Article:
Though it has no official boundaries, Appalachia is generally a section of the United States delineated by regional, cultural, and historical aspects particular to that region. It stretches along the Appalachian mountains from southern New York State to northern Georgia, Alabama, and Mississippi. While the Appalachian mountain range extends all the way up to Canada and only as far as Alabama, Appalachia is not strictly defined by geography. Its boundaries are defined by particular customs, dialect, etc. rather than by geographic features.
The area was originally inhabited by Native American tribes, most notably the Algonquian and the Cherokee. European settlers began inhabiting the area in the 18th century, causing clashes between the settlers and the Native inhabitants of the area. European settlers to the area were considered to be quite rugged, living in an unforgiving area of wilderness and other difficulties. As the United States began to form as a union, settlers of Appalachia were known as hearty, rugged frontiersman opposed to taxes and coastal elites. They often participated in armed revolts, such as the Whiskey Rebellion.
Education has historically been a struggle in Appalachia. Issues with state funding have contributed to this struggle, as has the general sentiment in the region that formal education had little practical purpose. Conditions improved in the 20th and 21st centuries, but states in Appalachia still struggle to keep up with national education initiatives, particularly the No Child Left Behind act of 2001. This has caused further problems in terms of funding for public schools in the area.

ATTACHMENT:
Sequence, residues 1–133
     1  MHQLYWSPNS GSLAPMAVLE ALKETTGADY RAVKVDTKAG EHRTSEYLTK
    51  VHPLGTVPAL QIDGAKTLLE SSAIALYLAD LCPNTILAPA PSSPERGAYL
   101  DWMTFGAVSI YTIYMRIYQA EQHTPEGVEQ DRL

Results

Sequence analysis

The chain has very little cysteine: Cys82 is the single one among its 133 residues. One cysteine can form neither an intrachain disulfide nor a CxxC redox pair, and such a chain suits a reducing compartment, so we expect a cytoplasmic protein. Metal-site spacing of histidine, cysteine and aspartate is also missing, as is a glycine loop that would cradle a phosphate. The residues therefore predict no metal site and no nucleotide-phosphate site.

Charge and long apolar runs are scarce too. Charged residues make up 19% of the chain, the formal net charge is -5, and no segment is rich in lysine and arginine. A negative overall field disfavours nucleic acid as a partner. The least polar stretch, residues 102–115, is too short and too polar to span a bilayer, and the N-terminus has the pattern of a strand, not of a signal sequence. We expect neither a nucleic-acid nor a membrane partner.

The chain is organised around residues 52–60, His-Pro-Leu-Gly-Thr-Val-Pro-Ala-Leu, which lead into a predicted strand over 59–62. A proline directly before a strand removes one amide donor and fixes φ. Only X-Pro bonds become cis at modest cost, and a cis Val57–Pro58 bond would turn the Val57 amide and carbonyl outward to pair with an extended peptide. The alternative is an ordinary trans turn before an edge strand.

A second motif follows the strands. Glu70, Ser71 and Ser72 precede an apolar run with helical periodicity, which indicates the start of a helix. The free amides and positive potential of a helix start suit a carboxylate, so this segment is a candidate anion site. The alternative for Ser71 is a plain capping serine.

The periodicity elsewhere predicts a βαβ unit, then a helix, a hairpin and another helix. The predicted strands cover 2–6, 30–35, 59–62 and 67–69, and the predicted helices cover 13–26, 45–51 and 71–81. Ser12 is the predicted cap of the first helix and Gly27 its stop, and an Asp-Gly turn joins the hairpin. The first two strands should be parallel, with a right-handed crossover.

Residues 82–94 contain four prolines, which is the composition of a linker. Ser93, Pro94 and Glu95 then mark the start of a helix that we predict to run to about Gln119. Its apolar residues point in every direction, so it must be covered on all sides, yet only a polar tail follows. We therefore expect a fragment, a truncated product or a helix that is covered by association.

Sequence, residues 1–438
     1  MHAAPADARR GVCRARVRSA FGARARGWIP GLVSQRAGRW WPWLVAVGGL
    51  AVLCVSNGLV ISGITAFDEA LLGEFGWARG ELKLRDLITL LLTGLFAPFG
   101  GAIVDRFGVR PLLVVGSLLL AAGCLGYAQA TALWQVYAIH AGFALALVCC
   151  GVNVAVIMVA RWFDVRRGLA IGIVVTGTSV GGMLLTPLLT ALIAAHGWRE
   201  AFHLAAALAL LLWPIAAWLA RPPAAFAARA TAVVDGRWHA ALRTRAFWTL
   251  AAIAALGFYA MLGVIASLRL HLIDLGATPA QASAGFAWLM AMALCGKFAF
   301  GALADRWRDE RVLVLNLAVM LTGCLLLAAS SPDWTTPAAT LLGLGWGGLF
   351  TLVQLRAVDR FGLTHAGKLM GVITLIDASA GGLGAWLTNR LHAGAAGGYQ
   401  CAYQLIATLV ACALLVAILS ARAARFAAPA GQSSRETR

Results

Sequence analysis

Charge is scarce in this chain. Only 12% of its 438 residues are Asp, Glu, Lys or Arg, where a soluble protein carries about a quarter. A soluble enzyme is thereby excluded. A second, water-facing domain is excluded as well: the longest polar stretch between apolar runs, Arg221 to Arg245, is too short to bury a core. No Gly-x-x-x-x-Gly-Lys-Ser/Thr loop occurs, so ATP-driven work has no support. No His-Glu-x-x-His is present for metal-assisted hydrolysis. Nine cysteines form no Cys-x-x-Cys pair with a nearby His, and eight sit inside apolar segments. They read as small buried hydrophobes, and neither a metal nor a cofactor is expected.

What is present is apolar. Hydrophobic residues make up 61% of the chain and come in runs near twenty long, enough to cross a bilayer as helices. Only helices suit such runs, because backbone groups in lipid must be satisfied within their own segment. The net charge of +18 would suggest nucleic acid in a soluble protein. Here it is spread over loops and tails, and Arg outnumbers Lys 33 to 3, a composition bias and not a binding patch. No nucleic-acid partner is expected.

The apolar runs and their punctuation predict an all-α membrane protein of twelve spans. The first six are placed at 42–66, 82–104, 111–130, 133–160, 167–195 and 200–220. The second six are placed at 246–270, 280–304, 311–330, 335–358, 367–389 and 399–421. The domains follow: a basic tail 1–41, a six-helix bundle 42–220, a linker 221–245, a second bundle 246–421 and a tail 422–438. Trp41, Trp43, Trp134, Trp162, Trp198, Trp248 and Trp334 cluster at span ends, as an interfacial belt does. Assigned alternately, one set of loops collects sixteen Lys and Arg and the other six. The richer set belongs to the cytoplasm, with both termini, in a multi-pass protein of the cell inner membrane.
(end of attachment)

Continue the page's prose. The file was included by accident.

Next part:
The primary industries through much of the existence of Appalachia have been logging and mining, and with those professions came high paying jobs. Unfortunately, those jobs were only temporary, and abject poverty was and continues to be a serious problem throughout the region. For much of the 20th Century, Appalachia was considered to be on par with many third world countries in terms of living conditions.
Because of its wild terrain, history in logging and mining, Native inhabitants, and its rich Scots-Irish history, Appalachia is home to distinct styles of literature, music, folklore, and other customs. Much of the folklore and literature that comes from the area is steeped in religious themes, ghost stories, settlement stories, and other themes applicable to the hard life common in the Appalachians. Perhaps most well-known among the Appalachian style and culture is its music, which is derived from the English and Scottish ballad style. African-American blues music also had a significant impact on the evolution of Appalachian music; bluegrass, country, and old-time music all evolved out of the Appalachian tradition.